Johnson insists Tory housing pledge ‘deliverable’

Boris Johnson has insisted his pledge for a million more homes in the next five years is “deliverable” as he outlined Tory plans designed to “empower” renters and help first-time buyers.

The Prime Minister announced a series of manifesto policies on a visit to a new housing development in Wixams, Bedford, where he tried his hand at bricklaying at one of the properties.

He vowed to change the law to end “no fault evictions” which see tenants forced out of rental properties without a good reason.

The Prime Minister
The Prime Minister met with construction workers at a new housing development in Bedford (Stefan Rousseau/PA)

Other measures outlined by the party include plans to help renters buy homes with long-term, fixed-rate mortgages requiring only 5% deposits, and a pledge to offer 30% discounts for local, first-time buyers.

The Prime Minister also said the Tories would introduce Lifetime Rental Deposits so down payments can be transferred from one property to the next, before the deposit from the first property is repaid.

Mr Johnson told reporters he would love to go beyond the party’s commitment to build a million new homes in five years, adding: “We’re the party that actually builds the homes that this country needs.

“We built a record amount last year, 240,000 – 57,000 affordable.”

He said the Tories built more council homes in one year than Labour built in 13 years.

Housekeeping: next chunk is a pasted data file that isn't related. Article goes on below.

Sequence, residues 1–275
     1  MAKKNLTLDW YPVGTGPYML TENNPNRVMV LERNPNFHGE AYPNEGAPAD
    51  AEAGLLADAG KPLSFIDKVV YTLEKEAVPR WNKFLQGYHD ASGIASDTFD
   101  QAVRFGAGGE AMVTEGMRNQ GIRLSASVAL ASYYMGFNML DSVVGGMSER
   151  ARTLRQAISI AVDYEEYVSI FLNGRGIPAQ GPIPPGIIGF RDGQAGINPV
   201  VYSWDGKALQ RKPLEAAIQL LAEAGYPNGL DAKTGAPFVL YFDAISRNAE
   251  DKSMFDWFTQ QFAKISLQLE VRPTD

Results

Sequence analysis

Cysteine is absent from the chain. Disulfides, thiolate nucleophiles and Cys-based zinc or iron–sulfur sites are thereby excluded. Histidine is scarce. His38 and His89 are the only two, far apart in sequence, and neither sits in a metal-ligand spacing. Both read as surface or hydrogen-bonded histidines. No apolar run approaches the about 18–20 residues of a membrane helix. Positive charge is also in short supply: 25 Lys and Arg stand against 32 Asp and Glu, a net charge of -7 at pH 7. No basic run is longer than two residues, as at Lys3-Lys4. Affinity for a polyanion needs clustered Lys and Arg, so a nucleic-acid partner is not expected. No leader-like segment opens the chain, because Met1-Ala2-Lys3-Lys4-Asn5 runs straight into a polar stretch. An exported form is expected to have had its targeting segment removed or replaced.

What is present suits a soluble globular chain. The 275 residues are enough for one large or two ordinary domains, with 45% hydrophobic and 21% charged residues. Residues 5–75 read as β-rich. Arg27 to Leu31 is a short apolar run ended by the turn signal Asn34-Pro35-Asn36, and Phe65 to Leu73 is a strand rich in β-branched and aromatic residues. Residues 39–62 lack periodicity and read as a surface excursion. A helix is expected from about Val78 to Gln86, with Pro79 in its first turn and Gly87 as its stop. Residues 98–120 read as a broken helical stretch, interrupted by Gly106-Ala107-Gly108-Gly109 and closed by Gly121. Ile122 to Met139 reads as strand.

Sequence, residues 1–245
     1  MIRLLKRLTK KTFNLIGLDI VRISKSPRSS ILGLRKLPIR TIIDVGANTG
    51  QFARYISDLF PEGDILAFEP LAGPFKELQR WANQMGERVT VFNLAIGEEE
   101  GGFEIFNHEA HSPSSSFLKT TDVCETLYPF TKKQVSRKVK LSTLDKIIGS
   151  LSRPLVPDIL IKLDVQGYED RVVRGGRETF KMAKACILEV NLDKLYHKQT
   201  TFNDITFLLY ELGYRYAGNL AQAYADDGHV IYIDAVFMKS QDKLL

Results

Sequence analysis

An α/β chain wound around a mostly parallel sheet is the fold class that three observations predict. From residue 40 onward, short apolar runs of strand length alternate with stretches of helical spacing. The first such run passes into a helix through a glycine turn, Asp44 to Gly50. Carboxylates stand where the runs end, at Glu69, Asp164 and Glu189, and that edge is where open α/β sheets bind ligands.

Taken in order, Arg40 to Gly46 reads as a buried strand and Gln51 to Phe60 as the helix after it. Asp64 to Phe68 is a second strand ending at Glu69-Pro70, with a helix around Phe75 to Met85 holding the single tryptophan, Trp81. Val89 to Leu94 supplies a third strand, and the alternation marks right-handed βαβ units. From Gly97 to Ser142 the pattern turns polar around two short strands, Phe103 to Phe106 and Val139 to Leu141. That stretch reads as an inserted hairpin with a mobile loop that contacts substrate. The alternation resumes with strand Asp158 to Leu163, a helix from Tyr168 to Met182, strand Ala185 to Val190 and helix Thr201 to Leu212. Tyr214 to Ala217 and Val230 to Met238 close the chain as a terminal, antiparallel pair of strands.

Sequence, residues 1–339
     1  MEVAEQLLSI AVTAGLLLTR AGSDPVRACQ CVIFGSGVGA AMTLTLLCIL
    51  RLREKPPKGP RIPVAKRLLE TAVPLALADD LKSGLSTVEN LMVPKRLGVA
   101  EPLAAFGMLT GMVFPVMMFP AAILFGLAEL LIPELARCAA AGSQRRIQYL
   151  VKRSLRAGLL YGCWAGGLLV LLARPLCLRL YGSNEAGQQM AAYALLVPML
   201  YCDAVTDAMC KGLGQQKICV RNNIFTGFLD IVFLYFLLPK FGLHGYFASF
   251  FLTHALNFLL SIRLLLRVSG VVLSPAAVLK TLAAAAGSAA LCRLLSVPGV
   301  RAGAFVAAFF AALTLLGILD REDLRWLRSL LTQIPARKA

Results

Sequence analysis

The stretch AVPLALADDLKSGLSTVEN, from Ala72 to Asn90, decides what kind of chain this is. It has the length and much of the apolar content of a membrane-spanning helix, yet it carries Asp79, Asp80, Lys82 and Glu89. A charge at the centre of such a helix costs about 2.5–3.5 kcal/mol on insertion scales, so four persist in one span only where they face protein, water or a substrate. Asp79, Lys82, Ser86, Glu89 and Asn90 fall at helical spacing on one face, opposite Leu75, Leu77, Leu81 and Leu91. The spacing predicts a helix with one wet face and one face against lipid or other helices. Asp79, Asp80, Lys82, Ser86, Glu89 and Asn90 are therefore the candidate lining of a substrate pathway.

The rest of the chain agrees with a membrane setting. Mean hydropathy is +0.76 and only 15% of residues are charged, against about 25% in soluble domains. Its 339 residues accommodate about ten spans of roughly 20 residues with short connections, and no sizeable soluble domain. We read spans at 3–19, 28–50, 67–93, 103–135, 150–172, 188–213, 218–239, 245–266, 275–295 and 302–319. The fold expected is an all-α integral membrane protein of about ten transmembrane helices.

“We’re supporting the creation of a million more homes – help to buy and all the things we’ve already done, we’ll continue with that – but we’re also supporting the rental sector and helping people who are currently renting to buy as well,” he added.

The party did not provide costings for the policies.

Mr Johnson smoothed cement and laid a few bricks on a metre-high wall at a new home at the Willow Grove estate in Bedford.

Boris Johnson posing for selfies with construction workers
Boris Johnson posed for selfies with construction workers during his visit (Stefan Rousseau/PA)

The Prime Minister remarked that his efforts were “not bad”, before looking back on his work and adding: “Kind of.”

A site worker then took a spirit level to inspect the the Tory leader’s efforts.

Matt Quinn, a bricklaying foreman who helped the Prime Minister, said Mr Johnson “wasn’t bad” and suggested he was following in the footsteps of Winston Churchill, who enjoyed bricklaying as a hobby.

Mr Johnson met apprentices and posed for selfies at the site with construction workers.

One worker wrote “Love you Boris, got my vote” on his vest top.

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